an inquiry by Kotaku Reports of sexual harassment, toxic management and poor pay are prominent at Ubisoft Singapore, with a former developer even saying it is internally referred to as “one of the worst Ubisoft studios in terms of culture”.
According to the report, Ubisoft Singapore is riddled with problems including “not paying enough local junior developers to move out of their parents’ homes”, sexual harassment, racial slurs despite “dampening…government subsidies”. inequality, and bullying by managers. A former developer wanted to emphasize that most middle-management and staff are “absolutely cute,” but as the report points out, this is far from guaranteed at Ubisoft Singapore.
One developer explained that “the head was rotten, so the body was unable to function properly”, citing that several toxic working conditions led to the studio’s former managing director Hugh Ricor, who oversaw its development. and how resources were deployed.
Ricor was eventually stepped down from his role last autumn, but remained at the company as director of production intelligence at Ubisoft’s headquarters. Kotaku Noted that his LinkedIn profile states that he is responsible for “operational” matters at the company.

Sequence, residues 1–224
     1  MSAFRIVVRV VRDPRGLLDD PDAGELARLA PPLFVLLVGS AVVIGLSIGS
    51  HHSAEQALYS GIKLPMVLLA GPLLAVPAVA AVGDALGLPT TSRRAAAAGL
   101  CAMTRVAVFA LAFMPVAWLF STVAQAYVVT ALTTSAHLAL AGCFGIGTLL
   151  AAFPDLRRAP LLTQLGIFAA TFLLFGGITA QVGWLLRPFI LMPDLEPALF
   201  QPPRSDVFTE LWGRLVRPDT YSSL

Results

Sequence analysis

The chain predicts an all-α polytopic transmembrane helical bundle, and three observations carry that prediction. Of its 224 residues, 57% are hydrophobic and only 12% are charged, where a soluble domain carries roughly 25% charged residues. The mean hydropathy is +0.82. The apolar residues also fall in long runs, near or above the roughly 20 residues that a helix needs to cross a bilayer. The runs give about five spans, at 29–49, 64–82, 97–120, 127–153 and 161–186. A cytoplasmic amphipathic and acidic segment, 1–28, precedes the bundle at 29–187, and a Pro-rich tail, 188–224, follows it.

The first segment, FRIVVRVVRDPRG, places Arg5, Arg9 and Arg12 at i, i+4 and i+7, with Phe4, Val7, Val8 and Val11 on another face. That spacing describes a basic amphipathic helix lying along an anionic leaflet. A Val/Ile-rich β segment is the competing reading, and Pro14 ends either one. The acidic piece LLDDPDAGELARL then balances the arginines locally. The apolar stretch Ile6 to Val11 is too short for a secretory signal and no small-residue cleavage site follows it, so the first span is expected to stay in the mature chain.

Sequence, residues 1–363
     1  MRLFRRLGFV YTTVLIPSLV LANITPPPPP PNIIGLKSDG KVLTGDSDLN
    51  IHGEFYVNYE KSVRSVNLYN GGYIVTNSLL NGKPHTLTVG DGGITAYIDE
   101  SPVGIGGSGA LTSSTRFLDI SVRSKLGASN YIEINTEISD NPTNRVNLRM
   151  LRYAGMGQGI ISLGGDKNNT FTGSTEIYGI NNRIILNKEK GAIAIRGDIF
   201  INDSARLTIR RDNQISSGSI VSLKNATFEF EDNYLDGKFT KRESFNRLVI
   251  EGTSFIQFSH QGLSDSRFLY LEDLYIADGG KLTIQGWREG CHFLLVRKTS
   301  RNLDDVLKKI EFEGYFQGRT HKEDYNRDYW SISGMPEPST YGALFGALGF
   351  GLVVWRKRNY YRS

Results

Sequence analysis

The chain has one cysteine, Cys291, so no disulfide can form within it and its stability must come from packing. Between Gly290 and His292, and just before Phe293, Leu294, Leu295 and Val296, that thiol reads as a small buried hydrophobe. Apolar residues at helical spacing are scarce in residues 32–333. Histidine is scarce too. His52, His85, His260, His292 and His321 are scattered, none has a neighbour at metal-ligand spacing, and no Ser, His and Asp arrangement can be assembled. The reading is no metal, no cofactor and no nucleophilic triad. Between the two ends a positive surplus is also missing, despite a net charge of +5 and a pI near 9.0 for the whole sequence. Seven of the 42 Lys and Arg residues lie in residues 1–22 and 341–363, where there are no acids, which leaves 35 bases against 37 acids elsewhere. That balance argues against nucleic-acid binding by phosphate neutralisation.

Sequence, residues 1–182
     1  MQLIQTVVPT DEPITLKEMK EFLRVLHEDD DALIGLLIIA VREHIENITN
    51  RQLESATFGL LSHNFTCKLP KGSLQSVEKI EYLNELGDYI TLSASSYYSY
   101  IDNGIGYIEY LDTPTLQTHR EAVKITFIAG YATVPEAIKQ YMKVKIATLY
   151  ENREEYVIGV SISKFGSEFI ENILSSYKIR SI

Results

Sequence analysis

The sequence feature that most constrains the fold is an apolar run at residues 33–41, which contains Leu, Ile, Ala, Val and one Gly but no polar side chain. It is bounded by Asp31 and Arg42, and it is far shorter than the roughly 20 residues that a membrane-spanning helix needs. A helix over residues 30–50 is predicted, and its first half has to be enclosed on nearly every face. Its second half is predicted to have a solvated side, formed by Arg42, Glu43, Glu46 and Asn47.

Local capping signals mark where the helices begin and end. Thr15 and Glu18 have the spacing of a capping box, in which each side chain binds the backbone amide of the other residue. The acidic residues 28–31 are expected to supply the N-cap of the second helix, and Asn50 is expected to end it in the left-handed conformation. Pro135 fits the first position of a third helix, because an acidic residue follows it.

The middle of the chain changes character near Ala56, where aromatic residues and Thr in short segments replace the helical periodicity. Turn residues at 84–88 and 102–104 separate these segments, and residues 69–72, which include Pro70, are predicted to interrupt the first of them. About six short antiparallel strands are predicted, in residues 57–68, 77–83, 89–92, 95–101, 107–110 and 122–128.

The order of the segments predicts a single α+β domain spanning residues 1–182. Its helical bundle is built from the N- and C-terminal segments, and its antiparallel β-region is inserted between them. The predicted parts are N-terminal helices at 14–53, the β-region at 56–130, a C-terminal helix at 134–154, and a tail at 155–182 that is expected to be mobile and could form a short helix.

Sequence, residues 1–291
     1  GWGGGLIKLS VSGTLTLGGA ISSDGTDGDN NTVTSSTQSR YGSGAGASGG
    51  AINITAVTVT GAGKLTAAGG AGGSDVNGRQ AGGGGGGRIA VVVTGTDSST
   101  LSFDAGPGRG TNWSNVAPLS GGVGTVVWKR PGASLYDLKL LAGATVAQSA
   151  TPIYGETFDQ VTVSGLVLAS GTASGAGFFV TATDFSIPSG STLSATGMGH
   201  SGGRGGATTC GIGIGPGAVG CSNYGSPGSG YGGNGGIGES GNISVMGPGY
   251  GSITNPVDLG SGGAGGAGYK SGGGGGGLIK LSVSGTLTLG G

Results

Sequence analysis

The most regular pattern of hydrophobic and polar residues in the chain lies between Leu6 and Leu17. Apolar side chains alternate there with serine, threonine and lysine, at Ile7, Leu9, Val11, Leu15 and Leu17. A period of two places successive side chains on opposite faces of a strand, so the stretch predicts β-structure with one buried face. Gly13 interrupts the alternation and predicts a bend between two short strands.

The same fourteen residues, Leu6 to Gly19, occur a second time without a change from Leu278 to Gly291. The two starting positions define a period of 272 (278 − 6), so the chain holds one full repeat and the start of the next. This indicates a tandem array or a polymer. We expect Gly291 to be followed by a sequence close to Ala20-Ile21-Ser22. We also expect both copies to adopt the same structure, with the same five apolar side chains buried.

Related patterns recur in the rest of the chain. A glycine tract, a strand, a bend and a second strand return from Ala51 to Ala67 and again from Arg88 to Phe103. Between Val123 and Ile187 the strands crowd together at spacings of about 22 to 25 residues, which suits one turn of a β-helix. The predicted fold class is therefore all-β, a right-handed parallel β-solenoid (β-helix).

Kotaku Arrived about the serious allegations and received a statement from Ubisoft as a firm claiming that “we will not and will not tolerate abuse, harassment or discrimination at any level,” further stating that “in the past Over the course of a year, Ubisoft has implemented significant and meaningful changes that seek to ensure a safe and inclusive work environment for all.”
In form of Kotaku That doesn’t seem to be the case, according to investigations revealed by previous employees who have suggested that HR dismissed the allegations under the carpet. This is covered in recent reports telegram, Which has suggested that Ubisoft’s management has fallen short of implementing any meaningful changes after the summer of 2020 of worrying allegations within the company.
Earlier, Ubisoft CEO Yves Guillemot promised changes within the company that would see a “transformation” of its human resources processes and accountability among managers.